…If they have to go back and “make that right” where does he stop “making past sins” right? … All this man-made legislating for God has ruined hundreds of lives… Why is this dogma being taught when it is not a teaching that promotes the simplicity that is in Christ? The message sounds like the blood of Christ can and does cover any and all sin, but divorced unbelievers need not apply! Believers in a second or subsequent marriage must divorce their present mate, go back and find their first mate, remarry them and THEN their salvation is once again assured – if this is not done, then hell will be their home. Their other option is to dissolve the present marriage since it was never recognized by God in the first place and live celibate for the rest of their lives. Where in the Bible is all this found?

The quoted paragraph above is more nearly a rant than is it a question, but we will assume that the questioner desires an honest reply from God’s Word. Doubtless many members of the church have similar misgivings about what the New Testament teaches concerning marriage, divorce and remarriage – and I am persuaded that many of them feed off of each other, sharing the same words, phrases and complaints. There is always a contest trying to fit God’s instructions into a world gone haywire away from biblical truth. Unfortunately, far too much of the carnal world has crept into the Lord’s church through its members and its member’s children. Hence, it is quite common for moms and dads to rationalize regarding their children or regarding themselves when marriages crumble.

First, ‘past sins are not made right.’ That is a primary problem regarding confusion about marriage, divorce and remarriage. Troubled parents or spouses involved in multiple marriages often attempt to make biblically prohibited divorce and remarriage somehow right with God after all. For instance, one cannot baptize a marriage to somehow make a scripturally adulterous relationship into a God-approved marriage. Marriages are not baptized! People are baptized – after they repent (stop committing the sin for which they are repenting) before they ever step foot into a baptistery. If one repents of adultery (howbeit man may call it marriage while God does not sanction it), there is no adulterous marriage to attempt to legitimize through baptism.

Secondly, “man-made legislating for God has ruined hundreds of lives” is a true statement when it comes to denominationalism, world religions and sometimes false doctrines promoted by brethren (1 John 4:1). However, it is not ‘man-made legislation’ where God, Jesus Christ and the Holy Spirit through the New Testament have made a single allowance for divorce, followed at some future time by a subsequent marriage of the innocent party to another biblically eligible marriage candidate (Matthew 19:9). It is not ‘man-made legislation’ that divorce for any other reason than adultery requires divorced spouses to remain celibate or be reconciled (1 Corinthians 7:10-11). ‘Hundreds of lives are ruined’ because they are living in adultery or fornication, outside of God-sanctified marriage. Apprising such individuals of what God’s Word (New Testament) teaches regarding marriage, divorce and remarriage is an attempt to save ‘hundreds of ruined lives’ from the eternal dismay and doom of heaven missed and the realization of hellfire.

Thirdly, it is ludicrous to imagine that “this dogma being taught… is not a teaching that promotes the simplicity that is in Christ,” when, in fact, Jesus Christ Himself is the very One who stipulated that “adultery” is the only divinely permissible reason for divorce and a subsequent remarriage (Matthew 19:9). In truth, manmade alternatives to what our Lord specifically taught are unable to ‘promote the simplicity that is Christ.’ Instead, they give false hope to impenitent souls who with every passing moment are closer to meeting God in Judgment – for which they are not prepared (Amos 4:12). “For we must all appear before the judgment seat of Christ, that each one may receive the things done in the body, according to what he has done, whether good or bad. Knowing, therefore, the terror of the Lord, we persuade men…” (2 Corinthians 5:10-11 NKJV).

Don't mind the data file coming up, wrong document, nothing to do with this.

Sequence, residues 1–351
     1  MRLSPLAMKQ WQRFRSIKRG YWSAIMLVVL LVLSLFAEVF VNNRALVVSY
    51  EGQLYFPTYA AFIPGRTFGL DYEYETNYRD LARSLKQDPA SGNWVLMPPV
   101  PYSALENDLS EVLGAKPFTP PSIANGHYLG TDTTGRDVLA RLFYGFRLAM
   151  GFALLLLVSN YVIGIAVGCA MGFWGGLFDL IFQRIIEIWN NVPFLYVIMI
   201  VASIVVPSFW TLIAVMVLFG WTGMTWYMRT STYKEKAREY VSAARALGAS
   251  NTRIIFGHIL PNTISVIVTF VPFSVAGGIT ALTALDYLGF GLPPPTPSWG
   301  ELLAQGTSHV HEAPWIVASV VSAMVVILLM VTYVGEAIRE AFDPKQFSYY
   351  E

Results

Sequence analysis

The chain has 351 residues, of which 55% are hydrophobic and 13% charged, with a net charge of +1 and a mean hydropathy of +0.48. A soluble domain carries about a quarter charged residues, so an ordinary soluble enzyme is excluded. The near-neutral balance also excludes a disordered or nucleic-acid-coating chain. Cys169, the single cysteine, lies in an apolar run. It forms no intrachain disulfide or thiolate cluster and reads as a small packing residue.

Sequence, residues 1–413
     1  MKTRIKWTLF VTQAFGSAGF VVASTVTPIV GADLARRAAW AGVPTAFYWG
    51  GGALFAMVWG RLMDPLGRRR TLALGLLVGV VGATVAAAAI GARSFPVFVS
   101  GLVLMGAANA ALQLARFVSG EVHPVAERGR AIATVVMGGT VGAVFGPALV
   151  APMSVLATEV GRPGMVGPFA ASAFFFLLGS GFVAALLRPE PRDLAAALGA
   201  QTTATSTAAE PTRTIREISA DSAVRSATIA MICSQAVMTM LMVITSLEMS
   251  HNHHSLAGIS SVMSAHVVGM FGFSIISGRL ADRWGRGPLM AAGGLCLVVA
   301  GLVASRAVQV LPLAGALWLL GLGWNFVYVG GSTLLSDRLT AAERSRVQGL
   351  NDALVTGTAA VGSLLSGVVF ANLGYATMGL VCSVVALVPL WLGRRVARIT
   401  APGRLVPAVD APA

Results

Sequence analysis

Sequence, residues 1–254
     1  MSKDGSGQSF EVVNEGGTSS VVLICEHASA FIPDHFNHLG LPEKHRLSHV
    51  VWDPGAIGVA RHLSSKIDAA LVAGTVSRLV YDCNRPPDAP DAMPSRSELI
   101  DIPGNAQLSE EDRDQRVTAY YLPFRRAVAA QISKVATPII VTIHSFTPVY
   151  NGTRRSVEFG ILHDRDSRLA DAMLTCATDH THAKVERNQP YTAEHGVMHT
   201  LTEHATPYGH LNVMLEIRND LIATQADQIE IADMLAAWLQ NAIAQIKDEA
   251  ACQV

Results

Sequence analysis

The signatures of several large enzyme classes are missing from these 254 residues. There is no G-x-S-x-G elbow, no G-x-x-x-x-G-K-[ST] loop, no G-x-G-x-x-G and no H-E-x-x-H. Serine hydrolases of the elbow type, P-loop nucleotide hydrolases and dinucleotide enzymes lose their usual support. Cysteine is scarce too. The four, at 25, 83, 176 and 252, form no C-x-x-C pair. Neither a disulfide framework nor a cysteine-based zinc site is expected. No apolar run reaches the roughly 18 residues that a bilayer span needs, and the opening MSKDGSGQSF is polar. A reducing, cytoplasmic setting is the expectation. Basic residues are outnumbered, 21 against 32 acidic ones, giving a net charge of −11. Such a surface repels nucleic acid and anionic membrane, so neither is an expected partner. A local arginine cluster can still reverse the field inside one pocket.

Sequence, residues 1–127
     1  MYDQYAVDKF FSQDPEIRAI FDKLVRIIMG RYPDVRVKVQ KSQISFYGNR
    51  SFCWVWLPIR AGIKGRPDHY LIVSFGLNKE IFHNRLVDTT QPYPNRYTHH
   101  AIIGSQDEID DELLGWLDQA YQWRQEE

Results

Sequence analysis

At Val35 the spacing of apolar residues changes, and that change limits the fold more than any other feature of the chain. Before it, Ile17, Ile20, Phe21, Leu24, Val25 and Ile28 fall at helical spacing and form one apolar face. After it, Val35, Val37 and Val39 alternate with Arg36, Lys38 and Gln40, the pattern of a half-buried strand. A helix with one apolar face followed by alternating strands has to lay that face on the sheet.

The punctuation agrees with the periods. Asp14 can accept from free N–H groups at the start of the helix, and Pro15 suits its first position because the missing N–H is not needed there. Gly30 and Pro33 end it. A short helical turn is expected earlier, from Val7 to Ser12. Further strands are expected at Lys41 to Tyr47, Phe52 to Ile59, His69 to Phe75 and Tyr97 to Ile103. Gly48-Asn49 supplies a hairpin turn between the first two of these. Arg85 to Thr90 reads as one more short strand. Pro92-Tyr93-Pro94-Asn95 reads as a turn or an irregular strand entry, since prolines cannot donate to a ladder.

Fourthly, it is a very controverted way of thinking to complain, “The message sounds like the blood of Christ can and does cover any and all sin, but divorced unbelievers need not apply!” The blood of Jesus Christ covers all sins that it covers in exactly the same way! The blood of our Lord is associated with “redemption” (Ephesians 1:7; Colossians 1:14; Hebrews 9:12; 1 Peter 1:18-19; Revelation 5:9) – a buying back or ransoming from sin. In Hebrews 11:35, the Greek word for “redemption” is translated “deliverance.” The blood of Jesus Christ delivers from sin, but it does not sanitize sin – making what is sinful into something now pleasing to God. The blood of Jesus Christ redeems souls from sin when they quit stealing, stop murdering, cease lying and discontinue living in adultery, but not before one ‘brings forth fruits of repentance’ (Matthew 3:8).

Finally, the questioner asks, “Where in the Bible is all this found?” Jesus stated that there is only one reason for which one may divorce his or her spouse and marry someone else (Mark 10:11-12). “And I say to you, whoever divorces his wife, except for sexual immorality, and marries another, commits adultery; and whoever marries her who is divorced commits adultery” (Matthew 19:9). The inspired apostle Paul taught that if a divorce occurs for any other reason, the spouses may only “remain unmarried or be reconciled.” “Now to the married I command, yet not I but the Lord: A wife is not to depart from her husband. But even if she does depart, let her remain unmarried or be reconciled to her husband. And a husband is not to divorce his wife” (1 Corinthians 7:10-11).

As with every other biblical topic, one has two choices. He can obey or disobey. Emotions aside, the biblical truth about divorce and remarriage is not difficult to ascertain. The difficulty does not lie with understanding it, but rather in understanding it well enough to find it distasteful.